My 70-80W Nat SE2SE 211s should work a treat. Have a fantastically solid and fleshy midband/upper bass that potentially dry and skeletal sounding Animas would naturally benefit from. My view is based on three occasions w these spkrs, twice w SS ie Modwright and FirstWatt, and once w big tubes.
Congratulations! I hope you'll be as happy with your Animas as I continue to be with mine.
But let me share the most important finding of mine, during the last 3 years or so...
My own measurements (with the internal crossover bypassed) suggest the following horn sensitivities for the Anima:
- mid horn ~ 109dB/W
- treble horn ~ 107dB/W
- bass horn ~ 102dB/W down to about 60Hz or so, and then falling off rapidly thereafter
This is why there are adjustments on the back of the Animas to attenuate down the mid and treble to match the lower sensitivity bass. Generally, I've had to set the mid to about 9 o'clock and the treble to about 12 o'clock to achieve a reasonable balance, and indeed this was the case when both Ked and Marc made their respective visits. The resulting sound can be very good, but the downside for getting a more balanced sound is a reduction in the overall senstivity of the speaker to about 102dB/W. The mid and treble horns will still require very little wattage, most of the power going to the bass. And there's still the rapid fall-off below 60Hz or so.
With ~ 102dB/W overall senstivity, I've found that it's pretty much impossible to get good, taut and tuneful bass with low powered amps. I've driven my Animas fully with my Thoress 300B amps (~8W or so), and the sound is good, but the bass simply doesn't cut it. It's there, but isn't in any way musical to my ears. There's just no drive, no texture, and the timing is non-existent.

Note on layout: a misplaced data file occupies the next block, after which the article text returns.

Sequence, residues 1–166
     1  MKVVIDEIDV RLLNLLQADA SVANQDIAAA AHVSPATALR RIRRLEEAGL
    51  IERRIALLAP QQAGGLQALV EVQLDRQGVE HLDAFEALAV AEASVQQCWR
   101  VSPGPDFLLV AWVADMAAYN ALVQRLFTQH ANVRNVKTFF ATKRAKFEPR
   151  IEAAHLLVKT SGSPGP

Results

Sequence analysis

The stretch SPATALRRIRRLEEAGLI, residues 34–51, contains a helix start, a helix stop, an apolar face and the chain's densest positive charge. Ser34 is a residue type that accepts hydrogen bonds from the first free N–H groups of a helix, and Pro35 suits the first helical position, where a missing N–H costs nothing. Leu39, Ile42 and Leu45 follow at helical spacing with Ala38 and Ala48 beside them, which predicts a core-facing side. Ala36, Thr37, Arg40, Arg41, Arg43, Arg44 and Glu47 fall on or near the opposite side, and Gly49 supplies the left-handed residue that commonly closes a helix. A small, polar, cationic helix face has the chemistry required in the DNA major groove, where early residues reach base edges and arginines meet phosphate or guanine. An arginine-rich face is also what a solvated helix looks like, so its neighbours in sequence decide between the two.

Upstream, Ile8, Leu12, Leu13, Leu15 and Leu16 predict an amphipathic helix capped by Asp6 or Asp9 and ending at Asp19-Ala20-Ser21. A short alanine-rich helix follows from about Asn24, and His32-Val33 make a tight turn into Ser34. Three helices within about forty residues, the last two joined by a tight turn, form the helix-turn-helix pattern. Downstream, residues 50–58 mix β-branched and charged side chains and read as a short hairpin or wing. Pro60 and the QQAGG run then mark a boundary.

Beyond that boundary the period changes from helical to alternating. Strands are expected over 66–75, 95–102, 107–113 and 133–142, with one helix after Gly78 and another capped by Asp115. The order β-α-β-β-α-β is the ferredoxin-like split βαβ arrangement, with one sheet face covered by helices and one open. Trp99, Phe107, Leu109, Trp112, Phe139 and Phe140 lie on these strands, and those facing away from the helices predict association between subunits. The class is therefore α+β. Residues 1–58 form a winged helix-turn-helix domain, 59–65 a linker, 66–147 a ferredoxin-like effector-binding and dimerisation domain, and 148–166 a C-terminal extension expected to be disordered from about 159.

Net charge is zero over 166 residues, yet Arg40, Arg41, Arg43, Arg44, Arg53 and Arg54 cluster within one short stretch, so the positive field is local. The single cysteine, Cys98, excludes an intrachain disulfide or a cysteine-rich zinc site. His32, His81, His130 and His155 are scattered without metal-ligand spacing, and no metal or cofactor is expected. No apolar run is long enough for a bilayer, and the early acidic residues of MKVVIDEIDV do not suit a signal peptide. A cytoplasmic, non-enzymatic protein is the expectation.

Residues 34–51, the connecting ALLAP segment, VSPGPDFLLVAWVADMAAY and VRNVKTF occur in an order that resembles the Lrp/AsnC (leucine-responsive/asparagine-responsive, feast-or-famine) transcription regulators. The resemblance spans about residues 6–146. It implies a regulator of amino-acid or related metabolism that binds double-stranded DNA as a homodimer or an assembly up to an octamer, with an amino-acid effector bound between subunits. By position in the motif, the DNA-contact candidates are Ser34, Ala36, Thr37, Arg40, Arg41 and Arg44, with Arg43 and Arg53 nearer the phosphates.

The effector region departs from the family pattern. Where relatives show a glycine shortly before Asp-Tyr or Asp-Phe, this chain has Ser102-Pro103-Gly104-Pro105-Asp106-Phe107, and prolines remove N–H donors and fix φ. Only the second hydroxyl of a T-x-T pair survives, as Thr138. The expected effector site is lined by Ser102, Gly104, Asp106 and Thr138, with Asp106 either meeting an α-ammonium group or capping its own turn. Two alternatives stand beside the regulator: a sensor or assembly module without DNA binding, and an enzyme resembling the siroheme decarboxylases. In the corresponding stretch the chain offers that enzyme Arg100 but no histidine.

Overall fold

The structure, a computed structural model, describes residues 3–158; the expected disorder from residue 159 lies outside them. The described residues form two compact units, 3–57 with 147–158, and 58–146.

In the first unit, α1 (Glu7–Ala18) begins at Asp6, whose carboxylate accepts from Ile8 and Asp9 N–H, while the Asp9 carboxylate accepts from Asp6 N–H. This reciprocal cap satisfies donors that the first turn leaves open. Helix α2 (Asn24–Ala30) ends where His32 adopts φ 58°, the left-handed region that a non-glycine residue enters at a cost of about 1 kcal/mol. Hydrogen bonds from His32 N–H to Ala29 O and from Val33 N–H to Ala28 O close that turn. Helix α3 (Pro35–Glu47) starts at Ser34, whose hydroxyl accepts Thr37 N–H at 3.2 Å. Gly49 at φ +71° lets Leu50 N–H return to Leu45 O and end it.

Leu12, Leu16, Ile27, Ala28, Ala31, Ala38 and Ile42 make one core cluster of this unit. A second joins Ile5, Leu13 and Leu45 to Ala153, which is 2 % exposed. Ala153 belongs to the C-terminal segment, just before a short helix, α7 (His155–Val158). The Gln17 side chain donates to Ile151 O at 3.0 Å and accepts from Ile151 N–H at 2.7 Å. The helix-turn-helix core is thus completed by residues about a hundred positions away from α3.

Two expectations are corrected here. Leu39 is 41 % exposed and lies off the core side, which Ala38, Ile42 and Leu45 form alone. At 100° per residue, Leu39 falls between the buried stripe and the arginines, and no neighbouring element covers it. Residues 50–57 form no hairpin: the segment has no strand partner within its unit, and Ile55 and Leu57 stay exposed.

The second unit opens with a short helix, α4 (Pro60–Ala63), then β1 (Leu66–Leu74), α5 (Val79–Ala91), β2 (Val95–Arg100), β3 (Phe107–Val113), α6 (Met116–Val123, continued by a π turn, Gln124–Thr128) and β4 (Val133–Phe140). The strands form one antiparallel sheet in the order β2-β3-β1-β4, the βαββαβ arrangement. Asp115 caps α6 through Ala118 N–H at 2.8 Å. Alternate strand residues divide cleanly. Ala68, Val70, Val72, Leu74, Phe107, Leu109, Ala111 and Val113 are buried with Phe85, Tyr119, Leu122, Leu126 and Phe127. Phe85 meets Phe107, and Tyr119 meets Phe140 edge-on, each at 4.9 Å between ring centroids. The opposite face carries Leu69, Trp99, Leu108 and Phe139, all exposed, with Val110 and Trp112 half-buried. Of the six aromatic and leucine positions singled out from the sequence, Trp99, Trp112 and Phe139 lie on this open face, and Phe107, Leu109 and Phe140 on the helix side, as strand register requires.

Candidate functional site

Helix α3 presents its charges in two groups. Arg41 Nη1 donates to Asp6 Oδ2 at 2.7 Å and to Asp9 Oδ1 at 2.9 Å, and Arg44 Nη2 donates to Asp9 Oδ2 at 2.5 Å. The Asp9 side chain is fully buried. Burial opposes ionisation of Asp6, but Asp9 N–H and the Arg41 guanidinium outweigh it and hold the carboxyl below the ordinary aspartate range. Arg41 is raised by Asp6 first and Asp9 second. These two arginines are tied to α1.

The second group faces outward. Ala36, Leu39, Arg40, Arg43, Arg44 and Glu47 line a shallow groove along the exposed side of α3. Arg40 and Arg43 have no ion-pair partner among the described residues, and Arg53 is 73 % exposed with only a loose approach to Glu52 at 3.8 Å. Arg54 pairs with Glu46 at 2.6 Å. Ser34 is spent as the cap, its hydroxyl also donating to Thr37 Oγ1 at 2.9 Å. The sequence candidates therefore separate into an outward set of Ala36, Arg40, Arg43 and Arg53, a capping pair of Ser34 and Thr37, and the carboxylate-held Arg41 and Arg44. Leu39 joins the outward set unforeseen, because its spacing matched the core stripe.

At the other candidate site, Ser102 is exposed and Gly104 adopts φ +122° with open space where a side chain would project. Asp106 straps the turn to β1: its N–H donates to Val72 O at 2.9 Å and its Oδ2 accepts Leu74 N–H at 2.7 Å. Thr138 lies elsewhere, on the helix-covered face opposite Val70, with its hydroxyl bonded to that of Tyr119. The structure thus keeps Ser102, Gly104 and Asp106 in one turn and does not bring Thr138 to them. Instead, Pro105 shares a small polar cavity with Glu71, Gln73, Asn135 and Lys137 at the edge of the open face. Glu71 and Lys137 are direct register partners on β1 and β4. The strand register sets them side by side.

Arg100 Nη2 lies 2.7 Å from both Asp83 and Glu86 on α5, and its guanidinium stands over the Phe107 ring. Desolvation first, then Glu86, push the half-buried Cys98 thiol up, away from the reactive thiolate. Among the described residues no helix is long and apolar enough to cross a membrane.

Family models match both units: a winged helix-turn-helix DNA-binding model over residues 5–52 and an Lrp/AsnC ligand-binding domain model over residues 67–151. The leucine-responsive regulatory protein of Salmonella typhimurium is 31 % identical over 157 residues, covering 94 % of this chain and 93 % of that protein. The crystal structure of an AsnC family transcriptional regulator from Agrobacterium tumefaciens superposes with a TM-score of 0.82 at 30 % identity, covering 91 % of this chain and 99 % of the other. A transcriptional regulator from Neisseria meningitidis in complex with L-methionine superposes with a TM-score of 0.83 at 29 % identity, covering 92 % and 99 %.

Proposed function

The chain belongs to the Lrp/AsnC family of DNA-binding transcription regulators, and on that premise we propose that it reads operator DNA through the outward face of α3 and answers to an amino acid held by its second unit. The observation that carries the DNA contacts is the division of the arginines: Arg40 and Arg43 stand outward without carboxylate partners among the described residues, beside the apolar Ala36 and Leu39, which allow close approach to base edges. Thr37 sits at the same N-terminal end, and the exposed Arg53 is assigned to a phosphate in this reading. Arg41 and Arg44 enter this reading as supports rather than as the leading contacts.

Recently, I've started using DSP in Roon to adjust the levels between the drivers. Here's the equalisation curve that gives me an nice even sound across the spectrum at the listening position (with the Anima's rear attenuators set to max (zero attenuation), so essentially by-passed):
As you can see, quite a bit of equalisation is required between the drivers, especially the bass driver.
With this DSP, driving the Animas fully with my 25 watt class-A SS sounds wonderful. BUT...
Bi-amping, with my 25W class-A SS driving the mid and treble horns, and a 200W SS driving the bass, the Animas sound sublime, and rock with all genres of music. A truly full range sound. So much so that I'd put them up against any other speaker I've heard at the Munich show.
If I had the inclination, I'd go for tri-amping, with the Thoress 300Bs driving the mids, but I can't bring myself to go through all the effort... when the sound is already so good.
You may want to take a more minimalist approach with a single 'nice' amp driving the whole speaker. In which case my advice would be to assume an overall 102dB/W sensitivity, and to use a reasonably powerful amp. And just accept that you'll never get much in the way of the lowest octave.
The Animas are truly wonderful speakers, but will require a bit of work to get the absolute best out of.